Tax Time Concerns - Capital Gains

If you are not already aware, there are some exemptions available to your capital gains period if you come up against unforeseeable circumstances that require you to move. The Federal Tax Code provides ways a property owner can dispose of, exchange or sell an appreciated property and receive tax benefits. Some alternatives are described below.

IRC Section 121 enables a homeowner to exclude capital gain taxes (up to $250,000 if filing as a single, and $500,000 if married and filing jointly) if living in your principal residence as a primary residence for two of the last five years. Partial exemption is also available in certain unforeseen circumstances such as a move of more than 50 miles in employment, health or medical reasons, divorce or death. This can even include having multiple births which require a larger home! So if you were thinking of selling, and you may have one of these situations, contact your tax attorney or accountant to review your capital gains issues. If your home has appreciated little in the time that you have had it, your tax consequences may be very small, and your ultimate benefit may be very big by moving now. If you own units and live in one of them, you are still entitled to any applicalbe exemptions on your owner occupied portion.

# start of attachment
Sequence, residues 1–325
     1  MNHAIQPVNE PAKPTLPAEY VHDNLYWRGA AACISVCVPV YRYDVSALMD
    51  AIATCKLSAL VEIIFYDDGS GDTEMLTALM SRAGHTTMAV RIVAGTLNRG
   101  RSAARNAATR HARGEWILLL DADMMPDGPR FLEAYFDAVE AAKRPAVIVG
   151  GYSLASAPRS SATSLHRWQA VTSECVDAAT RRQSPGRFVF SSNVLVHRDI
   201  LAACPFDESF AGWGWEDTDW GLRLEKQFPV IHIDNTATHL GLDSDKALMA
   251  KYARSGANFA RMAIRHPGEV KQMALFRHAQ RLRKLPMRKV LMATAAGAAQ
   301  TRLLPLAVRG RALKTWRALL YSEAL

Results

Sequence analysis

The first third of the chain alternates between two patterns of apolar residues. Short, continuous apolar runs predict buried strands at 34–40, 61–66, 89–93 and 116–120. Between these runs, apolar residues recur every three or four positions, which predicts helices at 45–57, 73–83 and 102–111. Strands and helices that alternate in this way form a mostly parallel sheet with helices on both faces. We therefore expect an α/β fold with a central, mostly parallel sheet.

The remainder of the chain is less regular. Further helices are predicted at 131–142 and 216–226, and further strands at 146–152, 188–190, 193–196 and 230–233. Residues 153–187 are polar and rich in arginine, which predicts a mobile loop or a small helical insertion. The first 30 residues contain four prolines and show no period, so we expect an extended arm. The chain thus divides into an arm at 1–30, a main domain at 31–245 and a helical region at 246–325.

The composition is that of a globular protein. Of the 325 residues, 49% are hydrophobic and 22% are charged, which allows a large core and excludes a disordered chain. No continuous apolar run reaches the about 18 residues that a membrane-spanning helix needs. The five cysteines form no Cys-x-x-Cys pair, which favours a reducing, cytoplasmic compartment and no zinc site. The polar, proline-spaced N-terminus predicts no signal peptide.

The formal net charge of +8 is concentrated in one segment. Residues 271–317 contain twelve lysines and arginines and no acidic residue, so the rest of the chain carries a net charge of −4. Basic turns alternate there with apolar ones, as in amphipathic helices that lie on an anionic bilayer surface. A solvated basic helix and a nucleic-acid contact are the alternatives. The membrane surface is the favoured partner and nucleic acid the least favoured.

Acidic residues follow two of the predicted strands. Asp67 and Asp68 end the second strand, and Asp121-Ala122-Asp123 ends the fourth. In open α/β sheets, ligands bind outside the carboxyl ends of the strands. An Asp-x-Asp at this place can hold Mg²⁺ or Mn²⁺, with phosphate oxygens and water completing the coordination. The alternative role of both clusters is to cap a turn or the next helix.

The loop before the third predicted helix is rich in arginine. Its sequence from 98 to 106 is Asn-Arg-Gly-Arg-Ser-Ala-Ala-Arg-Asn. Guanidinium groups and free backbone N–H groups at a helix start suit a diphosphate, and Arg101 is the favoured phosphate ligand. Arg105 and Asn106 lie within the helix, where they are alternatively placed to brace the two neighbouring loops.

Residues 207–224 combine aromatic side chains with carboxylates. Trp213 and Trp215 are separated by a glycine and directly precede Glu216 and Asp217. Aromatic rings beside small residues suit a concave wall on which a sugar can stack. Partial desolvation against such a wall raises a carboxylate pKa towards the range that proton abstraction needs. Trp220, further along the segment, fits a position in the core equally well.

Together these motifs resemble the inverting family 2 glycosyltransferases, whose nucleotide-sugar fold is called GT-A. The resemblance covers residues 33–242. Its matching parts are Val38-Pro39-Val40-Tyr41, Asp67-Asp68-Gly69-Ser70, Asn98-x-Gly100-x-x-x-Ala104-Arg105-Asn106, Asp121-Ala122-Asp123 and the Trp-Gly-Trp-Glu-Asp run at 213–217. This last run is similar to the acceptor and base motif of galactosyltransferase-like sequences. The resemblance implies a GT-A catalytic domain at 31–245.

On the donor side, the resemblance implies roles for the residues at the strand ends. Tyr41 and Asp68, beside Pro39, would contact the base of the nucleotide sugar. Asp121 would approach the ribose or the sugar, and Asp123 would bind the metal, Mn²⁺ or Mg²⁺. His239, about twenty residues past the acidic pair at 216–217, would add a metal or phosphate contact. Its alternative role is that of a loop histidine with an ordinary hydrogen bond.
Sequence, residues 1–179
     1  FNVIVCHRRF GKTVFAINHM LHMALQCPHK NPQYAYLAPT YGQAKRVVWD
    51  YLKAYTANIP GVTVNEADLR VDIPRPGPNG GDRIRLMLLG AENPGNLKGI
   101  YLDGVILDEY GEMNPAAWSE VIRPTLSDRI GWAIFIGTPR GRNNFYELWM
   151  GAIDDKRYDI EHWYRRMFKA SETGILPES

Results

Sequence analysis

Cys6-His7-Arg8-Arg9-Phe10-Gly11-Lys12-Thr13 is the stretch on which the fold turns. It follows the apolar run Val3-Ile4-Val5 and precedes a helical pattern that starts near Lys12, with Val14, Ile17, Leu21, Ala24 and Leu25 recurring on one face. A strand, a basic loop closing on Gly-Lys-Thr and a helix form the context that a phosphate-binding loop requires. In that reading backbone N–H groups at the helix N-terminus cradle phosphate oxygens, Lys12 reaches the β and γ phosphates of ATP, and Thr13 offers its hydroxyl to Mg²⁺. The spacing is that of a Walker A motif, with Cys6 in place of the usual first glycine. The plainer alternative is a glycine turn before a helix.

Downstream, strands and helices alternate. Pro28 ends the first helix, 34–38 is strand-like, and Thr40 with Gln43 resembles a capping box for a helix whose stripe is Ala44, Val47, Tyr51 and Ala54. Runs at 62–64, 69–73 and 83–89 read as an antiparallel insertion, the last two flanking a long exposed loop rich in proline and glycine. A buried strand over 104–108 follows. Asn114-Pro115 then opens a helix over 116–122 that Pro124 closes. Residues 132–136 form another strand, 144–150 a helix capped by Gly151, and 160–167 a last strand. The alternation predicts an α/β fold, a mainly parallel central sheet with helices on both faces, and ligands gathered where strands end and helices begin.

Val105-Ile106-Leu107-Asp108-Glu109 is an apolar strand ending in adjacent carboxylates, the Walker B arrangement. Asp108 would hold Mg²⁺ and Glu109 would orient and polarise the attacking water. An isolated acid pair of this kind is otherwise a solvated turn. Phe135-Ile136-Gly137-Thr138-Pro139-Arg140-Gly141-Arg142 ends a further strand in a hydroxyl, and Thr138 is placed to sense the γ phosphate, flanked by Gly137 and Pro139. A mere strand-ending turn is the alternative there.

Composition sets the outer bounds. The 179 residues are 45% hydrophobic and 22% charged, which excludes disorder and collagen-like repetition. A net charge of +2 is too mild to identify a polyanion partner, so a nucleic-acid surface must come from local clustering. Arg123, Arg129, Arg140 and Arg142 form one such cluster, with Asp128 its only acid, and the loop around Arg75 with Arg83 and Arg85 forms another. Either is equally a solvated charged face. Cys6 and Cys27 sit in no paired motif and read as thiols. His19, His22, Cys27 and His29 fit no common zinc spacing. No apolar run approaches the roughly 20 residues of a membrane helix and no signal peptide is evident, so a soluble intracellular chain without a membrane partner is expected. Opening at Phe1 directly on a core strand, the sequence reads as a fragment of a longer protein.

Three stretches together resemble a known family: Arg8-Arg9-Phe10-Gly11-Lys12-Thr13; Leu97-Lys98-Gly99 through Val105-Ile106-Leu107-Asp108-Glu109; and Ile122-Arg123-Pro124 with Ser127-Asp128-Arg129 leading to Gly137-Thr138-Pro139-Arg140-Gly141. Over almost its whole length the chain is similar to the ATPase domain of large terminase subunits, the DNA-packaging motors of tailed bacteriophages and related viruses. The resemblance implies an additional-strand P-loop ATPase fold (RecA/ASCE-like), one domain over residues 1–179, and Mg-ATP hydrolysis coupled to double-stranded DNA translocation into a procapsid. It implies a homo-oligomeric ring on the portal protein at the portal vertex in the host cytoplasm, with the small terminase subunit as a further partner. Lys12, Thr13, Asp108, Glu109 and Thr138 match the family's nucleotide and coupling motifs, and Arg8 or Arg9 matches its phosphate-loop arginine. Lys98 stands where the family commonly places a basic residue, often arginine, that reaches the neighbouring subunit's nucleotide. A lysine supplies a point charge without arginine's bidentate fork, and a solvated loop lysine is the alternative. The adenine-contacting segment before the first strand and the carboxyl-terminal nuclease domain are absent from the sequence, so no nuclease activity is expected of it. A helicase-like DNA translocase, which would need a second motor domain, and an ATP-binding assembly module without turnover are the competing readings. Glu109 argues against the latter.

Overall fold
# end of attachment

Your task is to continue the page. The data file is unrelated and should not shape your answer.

Revenue Procedure 2004-51 also allows a property owner to convert a primary residence to a rental property, and later take advantage of both capital gain tax exclusion under §121 and tax deferral under §1031 by exchanging into a replacement property held for investment or for use in trade or business.


courtesy of Apiex.com

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